Dr. Luba von Hauff

Associate Fellow, Robert Bosch Center for Central and Eastern Europe, Russia, and Central Asia

Areas of Expertise

  • Political Systems, Security, and Development of the post-Soviet states                     
  • International Norm Diffusion and Norm Collision Processes
  • International Socialization
  • EU Foreign Policy
  • EU-China Relations
  • ‘Rising Powers’ and Multipolarity


English, Russian


Email: hauff@af.dgap.org

Luba von Hauff is a post-doctoral researcher at the University of the Bundeswehr (Munich). Prior to that she worked as a research fellow at the DGAP's Berthold Beitz Center. 

Luba von Hauff holds a PhD from the University of the Bundeswehr, a MA in Conflict, Security and Development from King’s College London, and a BA in European Studies from the University of Maastricht. Her PhD analysed the impact of China on the democratization of post-Soviet Kazakhstan and was supported by the Hanns Seidel Foundation. She is a member of the Strategic Studies Network (SSN) of the National Defense University (Washington, DC).

Her current research focuses on the multi-polarization of international affairs, particularly in the context of the evolving EU-China interaction, as well as on the political, normative and socio-economic developments in post-Soviet Eurasia.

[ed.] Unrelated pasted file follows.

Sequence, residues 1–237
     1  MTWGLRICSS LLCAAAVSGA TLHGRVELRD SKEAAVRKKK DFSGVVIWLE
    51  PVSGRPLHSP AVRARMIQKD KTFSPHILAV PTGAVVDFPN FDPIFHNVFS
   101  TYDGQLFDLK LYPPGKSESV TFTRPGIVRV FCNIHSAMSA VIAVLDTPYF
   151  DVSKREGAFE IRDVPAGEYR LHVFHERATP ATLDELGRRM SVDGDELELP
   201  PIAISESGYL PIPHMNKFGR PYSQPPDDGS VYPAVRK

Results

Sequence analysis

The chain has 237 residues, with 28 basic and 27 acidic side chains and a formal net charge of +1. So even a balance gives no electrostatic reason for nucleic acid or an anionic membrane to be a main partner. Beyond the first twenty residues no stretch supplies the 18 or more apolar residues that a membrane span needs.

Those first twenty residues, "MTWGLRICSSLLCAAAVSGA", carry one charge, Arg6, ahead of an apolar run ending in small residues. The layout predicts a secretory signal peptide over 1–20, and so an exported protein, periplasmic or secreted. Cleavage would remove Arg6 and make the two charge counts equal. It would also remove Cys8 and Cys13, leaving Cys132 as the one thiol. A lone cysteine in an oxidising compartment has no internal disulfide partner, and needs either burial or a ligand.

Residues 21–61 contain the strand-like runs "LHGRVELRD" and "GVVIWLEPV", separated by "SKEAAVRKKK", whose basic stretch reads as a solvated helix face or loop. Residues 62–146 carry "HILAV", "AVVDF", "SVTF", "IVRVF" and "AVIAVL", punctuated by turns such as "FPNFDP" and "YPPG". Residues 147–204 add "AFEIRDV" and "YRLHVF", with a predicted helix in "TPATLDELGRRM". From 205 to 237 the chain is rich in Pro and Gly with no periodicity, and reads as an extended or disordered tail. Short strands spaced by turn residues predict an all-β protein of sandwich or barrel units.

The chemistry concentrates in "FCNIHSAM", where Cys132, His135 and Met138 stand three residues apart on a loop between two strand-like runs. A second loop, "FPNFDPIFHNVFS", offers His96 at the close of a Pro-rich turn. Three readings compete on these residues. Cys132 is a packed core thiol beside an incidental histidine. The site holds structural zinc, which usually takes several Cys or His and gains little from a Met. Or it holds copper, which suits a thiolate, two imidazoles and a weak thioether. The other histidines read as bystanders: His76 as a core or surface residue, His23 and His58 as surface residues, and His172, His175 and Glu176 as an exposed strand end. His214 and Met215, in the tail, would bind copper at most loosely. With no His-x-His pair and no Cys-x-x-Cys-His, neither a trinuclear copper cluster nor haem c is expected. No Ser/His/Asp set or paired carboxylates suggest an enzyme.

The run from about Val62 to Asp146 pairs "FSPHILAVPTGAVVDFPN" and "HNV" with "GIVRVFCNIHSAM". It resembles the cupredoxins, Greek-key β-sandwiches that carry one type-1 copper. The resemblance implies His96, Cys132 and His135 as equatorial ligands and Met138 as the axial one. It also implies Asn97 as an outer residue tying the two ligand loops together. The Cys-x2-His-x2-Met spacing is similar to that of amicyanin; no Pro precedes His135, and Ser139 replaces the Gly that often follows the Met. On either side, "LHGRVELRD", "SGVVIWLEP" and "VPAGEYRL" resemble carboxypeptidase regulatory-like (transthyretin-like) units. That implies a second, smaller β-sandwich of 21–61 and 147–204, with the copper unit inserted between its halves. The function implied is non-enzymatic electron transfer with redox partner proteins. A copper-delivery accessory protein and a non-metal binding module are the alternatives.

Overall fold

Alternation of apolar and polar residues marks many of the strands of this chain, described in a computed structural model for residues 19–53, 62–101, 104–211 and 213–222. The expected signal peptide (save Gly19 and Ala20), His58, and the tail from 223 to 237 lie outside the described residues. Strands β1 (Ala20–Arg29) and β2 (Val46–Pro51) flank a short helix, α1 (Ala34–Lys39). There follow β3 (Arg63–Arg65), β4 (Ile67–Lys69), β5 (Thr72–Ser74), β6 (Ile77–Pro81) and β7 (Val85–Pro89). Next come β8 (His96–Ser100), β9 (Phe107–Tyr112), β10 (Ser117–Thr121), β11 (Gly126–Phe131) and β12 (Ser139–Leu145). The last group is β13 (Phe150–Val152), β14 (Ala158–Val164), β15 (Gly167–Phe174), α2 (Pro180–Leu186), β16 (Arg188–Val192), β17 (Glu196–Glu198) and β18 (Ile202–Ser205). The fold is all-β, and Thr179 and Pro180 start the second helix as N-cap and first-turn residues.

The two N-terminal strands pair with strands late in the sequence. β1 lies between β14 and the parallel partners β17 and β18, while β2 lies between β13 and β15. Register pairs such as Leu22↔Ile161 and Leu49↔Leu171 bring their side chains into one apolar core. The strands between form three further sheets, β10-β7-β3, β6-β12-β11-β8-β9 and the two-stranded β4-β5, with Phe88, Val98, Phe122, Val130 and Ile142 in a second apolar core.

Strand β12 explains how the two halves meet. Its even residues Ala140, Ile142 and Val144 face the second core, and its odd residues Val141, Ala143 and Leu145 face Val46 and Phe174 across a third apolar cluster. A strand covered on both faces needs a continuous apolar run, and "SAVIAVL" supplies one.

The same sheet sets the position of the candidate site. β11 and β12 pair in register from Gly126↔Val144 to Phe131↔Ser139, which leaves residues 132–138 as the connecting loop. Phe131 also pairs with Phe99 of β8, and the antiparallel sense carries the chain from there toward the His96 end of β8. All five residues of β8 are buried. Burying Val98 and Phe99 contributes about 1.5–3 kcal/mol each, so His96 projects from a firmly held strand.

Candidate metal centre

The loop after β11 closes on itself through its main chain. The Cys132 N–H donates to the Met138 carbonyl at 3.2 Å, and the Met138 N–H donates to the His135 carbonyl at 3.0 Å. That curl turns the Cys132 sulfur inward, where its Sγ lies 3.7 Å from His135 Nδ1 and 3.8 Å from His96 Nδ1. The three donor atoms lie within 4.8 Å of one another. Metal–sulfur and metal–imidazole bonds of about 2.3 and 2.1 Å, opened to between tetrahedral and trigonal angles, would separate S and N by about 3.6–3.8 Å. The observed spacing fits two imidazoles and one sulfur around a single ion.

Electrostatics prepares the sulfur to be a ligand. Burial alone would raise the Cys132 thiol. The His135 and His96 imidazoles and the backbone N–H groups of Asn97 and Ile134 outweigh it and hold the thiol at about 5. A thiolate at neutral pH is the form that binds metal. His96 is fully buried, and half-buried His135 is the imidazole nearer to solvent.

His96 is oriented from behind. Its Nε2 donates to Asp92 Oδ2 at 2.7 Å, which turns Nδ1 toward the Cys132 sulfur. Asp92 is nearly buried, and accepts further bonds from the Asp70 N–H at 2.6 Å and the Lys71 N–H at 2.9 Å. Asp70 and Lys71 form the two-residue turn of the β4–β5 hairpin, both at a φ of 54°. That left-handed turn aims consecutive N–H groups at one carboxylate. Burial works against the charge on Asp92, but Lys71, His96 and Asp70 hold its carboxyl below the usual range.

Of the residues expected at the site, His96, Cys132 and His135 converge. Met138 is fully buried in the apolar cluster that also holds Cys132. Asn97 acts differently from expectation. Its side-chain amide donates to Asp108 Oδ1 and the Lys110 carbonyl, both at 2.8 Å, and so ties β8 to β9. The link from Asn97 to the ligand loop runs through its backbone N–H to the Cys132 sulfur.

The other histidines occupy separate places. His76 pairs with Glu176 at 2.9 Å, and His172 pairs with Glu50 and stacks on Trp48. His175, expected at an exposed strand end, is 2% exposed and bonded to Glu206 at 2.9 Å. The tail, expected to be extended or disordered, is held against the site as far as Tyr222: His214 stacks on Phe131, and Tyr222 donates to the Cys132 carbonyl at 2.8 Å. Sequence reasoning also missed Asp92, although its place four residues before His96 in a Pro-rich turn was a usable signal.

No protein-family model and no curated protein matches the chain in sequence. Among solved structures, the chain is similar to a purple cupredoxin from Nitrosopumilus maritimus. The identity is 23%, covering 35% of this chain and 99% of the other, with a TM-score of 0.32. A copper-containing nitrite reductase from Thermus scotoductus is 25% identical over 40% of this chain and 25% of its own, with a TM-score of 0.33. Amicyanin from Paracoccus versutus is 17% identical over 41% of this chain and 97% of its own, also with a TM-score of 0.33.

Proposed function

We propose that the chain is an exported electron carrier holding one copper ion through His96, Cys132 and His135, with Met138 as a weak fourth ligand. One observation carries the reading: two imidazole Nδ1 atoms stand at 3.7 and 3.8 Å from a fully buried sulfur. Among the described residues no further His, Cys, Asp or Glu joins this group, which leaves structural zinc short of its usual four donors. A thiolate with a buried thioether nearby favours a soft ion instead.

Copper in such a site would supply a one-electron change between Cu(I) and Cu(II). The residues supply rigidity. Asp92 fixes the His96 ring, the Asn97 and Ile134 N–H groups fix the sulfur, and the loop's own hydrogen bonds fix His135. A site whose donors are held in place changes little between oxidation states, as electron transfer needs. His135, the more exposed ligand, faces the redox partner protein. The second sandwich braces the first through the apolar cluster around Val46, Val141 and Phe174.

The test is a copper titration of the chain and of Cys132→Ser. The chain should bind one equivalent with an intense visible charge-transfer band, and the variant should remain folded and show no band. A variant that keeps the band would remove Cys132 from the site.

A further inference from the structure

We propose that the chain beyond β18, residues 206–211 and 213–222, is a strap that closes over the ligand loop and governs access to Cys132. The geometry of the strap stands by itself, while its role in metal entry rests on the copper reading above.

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Selected Publications

The Value of Alternatives:
Why the EU is indispensable to Central Asian security
by Luba von Hauff
DGAPanalyse 8 (August 2015), 9 pp.
The Value of Alternatives:
Central Asia’s pronounced security risks concern many international actors, not least because of the potential for radical ideologies to gain a foothold in the region’s communities. Against this background, Luba von Hauff highlights the EU’s particular value added to the region, reflecting on how European policy can further build up its impact on the local security situation for the time to come.
Category: European Union, Central Asia
China’s Rising Predominance in Central Asia
Beijing’s status quo policy exacerbates regional instability
by Luba von Hauff
DGAPanalyse 3, April 12, 2013, 22 pp.
China’s Rising Predominance in Central Asia
China’s influence in post-Soviet Central Asia has steadily grown for 20 years. Beijing, striving to suppress Uighur separatist movements in and beyond its own Xinjiang province as well as to tap into Central Asian development projects, has backed the neighboring region’s largely unpopular authoritarian regimes. As a result, the populations’ receptiveness to Islamic forms of social and political organization has been growing, and with it, the region’s potential for insecurity in the long run.
Category: Security, Conflicts and Strategies, Central Asia, China
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